By Katie Whyatt
Stuart McCall’s post-match interviews began with an honesty to capture what a bittersweet afternoon this ultimately became for Bradford City. “I thought that was the best part of it – the three points,” he said, of a match in which a decent first-half showing gave way to a second in which his charges were a little meeker, a little more frenetic, than certainly he would have liked. There was a grim duality about this City performance that has overshadowed the three points it adds to the tally – with 23 from a possible 33, City are up to third – and McCall was firm in his evaluation: “I felt we stopped playing second half. For all the endeavour we had, I thought possession of the ball was pretty poor.”
In many ways, this was routine enough stuff for Bradford City. By now, their goal compilation reel plays as a clinical copy and paste job: deadly cross, deadly Vincelot / Kilgallon / Wyke / Knight-Percival (delete as appropriate) header, goal, and then a handful of wonder strikes and Matt Kilgallon piggybacks to halt the sense of déjà vu.
So it was today, twice: firstly, Adam Chicksen’s looping cross found the head of the potent Charlie Wyke to break the deadlock inside twenty minutes. Then, for the next box on your Bradford City bingo card, Tony McMahon’s corner arced into Nat Knight-Percival’s vicinity and the defender applied the header to double City’s lead. McMahon has spent a sizeable chunk of the season hurtling in crosses with the accuracy and nonchalance of a man mindlessly shooting paper planes into an office waste paper basket and everyone’s favourite shrinking violet was on point again, on the day of his 100th Bradford City appearance, to notch up his seventh assist of the season.
The Expected Goals stats might not look so favourably on City – viewing, as they do, crosses and set-pieces as unreliable routes to goals – but it is difficult to think of a team who have ever been so consistently lethal in their delivery. It is hard, too, to think of many players more primed for aerial combat than Wyke, teaming stern hold-up play with blitzed finishing like a lower league Álvaro Morata. As much as his absence on Tuesday night was a cause for concern – at their best, City look perfectly fine without him; at their worst, a tad rudderless – he remains an opportunistic focal point, seeing a second chalked off for a foul on Marko Maros before coming close with another header. There is no obvious like-for-like replacement for him in the squad – Dominic Poleon and Omari Patrick are similarly instinctive finishers, but are decidedly different strikers. For sheer nerve and power in and around the box, and astuteness in his hold-up play, Wyke remains unmatched.
Like against Rotherham, a disciplined first half was required to compensate for a second in which City found themselves tested. This time, however, was a slightly less comfortable affair, and the 2-0 scoreline belies a second half littered with poor decision-making, stray passes and nervy moments. It might flatter Doncaster to say they looked like finding three in reply – the outstanding Colin Doyle was unbreachable, producing three saves in five minutes to deny Ben Whiteman, Harry Toffolo and Tommy Rowe – but City’s defending fell into the realm of ‘last ditch’ at times, Knight-Percival booting the danger over the bar before Alex Gilliead frantically cleared off the line. Inescapably, it was nerve-jangling and uneasy viewing occasionally.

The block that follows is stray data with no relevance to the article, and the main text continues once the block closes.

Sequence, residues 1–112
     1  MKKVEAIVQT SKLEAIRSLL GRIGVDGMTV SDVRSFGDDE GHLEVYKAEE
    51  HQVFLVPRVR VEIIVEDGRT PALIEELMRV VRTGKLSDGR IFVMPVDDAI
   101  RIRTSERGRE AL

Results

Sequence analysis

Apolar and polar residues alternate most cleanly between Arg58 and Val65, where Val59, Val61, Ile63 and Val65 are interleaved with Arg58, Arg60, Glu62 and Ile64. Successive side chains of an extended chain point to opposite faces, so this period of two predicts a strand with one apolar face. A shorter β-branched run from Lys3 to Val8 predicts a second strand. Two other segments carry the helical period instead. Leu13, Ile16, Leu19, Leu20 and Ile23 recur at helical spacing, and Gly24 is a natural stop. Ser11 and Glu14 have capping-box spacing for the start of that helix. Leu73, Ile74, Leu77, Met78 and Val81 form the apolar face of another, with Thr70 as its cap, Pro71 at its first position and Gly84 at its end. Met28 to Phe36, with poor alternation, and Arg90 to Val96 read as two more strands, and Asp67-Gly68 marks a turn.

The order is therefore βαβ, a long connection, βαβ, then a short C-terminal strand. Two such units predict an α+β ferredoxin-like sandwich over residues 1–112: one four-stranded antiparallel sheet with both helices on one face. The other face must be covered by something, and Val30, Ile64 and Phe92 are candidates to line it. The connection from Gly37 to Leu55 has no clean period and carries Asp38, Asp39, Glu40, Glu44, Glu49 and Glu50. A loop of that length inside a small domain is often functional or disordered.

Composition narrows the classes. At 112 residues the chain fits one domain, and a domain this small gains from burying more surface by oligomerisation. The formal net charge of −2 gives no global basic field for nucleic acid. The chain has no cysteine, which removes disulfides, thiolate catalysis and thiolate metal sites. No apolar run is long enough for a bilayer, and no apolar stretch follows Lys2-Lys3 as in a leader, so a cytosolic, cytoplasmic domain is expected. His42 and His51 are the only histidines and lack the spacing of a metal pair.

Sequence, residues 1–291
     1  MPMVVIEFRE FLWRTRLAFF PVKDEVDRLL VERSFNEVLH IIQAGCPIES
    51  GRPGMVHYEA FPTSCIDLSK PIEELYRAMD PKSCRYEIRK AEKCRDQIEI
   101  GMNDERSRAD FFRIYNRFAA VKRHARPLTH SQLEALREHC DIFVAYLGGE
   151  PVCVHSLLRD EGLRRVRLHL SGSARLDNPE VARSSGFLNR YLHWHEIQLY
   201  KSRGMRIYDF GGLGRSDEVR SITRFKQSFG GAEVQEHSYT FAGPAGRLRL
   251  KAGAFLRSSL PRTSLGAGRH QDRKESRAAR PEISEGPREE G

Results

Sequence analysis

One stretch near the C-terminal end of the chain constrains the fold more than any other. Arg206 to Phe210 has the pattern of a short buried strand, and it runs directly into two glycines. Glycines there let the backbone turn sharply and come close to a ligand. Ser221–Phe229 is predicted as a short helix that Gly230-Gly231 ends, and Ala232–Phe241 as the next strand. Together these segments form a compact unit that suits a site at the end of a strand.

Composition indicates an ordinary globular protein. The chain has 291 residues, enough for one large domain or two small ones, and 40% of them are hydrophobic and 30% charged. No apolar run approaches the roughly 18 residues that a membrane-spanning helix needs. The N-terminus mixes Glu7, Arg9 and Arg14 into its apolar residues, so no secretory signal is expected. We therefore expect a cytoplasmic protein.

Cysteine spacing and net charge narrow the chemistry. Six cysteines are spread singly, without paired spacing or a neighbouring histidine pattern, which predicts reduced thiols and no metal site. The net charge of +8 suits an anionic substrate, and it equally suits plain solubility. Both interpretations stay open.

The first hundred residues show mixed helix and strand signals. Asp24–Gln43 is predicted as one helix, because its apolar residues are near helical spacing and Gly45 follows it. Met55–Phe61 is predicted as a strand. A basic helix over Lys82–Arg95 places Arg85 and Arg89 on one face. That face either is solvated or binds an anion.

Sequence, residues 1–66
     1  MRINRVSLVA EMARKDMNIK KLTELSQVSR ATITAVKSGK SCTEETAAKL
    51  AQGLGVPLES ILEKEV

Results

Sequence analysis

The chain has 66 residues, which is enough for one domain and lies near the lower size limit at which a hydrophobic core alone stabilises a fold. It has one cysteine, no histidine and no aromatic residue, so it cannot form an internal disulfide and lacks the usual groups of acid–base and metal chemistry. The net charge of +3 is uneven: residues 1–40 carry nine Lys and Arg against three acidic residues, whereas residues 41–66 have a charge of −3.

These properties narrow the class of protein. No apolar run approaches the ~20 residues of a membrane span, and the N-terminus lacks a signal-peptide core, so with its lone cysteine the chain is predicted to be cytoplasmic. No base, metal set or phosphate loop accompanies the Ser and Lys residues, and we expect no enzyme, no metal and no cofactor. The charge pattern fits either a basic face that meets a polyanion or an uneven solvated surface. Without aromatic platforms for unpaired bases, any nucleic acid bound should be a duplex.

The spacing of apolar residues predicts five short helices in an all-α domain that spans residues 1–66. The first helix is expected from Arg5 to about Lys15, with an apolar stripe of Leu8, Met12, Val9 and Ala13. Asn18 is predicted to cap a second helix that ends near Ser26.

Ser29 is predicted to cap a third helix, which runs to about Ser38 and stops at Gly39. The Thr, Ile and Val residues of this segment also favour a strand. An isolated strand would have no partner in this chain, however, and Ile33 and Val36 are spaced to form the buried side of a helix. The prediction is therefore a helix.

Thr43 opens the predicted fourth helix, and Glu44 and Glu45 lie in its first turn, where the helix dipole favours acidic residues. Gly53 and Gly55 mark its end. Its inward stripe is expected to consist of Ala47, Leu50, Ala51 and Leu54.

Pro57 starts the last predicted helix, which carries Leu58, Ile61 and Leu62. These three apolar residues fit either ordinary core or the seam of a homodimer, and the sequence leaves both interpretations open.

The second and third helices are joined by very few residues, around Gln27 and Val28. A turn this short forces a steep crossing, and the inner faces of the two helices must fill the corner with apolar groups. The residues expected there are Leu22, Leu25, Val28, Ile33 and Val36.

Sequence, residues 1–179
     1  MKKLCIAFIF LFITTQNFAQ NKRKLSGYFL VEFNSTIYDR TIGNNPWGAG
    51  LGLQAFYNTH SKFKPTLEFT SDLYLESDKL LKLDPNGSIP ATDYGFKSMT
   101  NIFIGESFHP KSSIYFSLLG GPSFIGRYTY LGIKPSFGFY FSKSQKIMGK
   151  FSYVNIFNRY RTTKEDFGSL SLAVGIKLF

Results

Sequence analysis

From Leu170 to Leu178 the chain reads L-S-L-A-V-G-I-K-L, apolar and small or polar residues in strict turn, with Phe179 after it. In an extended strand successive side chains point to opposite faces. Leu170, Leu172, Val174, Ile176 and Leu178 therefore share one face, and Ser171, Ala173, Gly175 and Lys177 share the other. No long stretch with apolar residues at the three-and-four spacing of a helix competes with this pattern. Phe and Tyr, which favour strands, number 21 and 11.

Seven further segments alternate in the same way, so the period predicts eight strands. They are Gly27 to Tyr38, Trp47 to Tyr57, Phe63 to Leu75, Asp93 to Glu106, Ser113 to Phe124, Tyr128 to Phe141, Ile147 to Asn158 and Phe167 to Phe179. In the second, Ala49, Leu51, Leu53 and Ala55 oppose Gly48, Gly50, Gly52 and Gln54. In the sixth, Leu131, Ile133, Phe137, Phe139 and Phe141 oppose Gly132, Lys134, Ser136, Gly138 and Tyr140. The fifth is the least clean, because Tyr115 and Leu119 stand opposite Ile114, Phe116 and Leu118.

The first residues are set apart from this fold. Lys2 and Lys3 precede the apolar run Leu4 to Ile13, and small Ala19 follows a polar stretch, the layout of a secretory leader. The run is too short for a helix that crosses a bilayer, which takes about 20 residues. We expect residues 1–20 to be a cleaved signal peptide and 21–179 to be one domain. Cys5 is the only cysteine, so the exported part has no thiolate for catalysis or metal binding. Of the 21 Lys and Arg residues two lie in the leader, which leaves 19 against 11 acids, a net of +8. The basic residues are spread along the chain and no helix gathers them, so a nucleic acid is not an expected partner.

McCall noted in his post-match thoughts an “edginess” about his side and it was difficult to argue: the game needed a midfielder to take a stranglehold of proceedings but unusually sloppy distribution marred the second half performances of Jake Reeves and Romain Vincelot. The pair did, however, screen the backline diligently despite finding themselves outnumbered at times, McCall having elected to use Gilliead and Nicky Law as out-and-out wingers against a pacy and swift Doncaster break.
This was by design – McCall admitting post-match that he had anticipated facing three at the back and “wanted to play four right up against them… We were going to have to give up a little bit of the middle of the park at times”. Paul Taylor, in his first start of the season, was a useful outball and enjoyed some decent moments, even if he exhibited some of the same shortcomings in distribution that dogged Vincelot and Reeves.
One of City’s issues last season was the tendency to dominate games but have little to show for their endeavours. This season so far has been the reverse – and McCall’s post-match comments certainly demonstrate there was a calculated willingness to surrender ground today – but the most glaring issues for City today were not being caught on the break after periods of reckless abandon, but failing to get the basics right. They are sharper in front of goal for sure, but McCall noted his side’s difficulty in retaining possession as Doncaster began to wrest control of the contest. In doing so, they made life difficult for themselves.
The result was pleasing for City and caps off a September in which they have lost just once amid rapidly rising expectations. There were, however, some areas for concern in the uncharacteristic anxiety that punctured their second half.
Categories: Match Reviews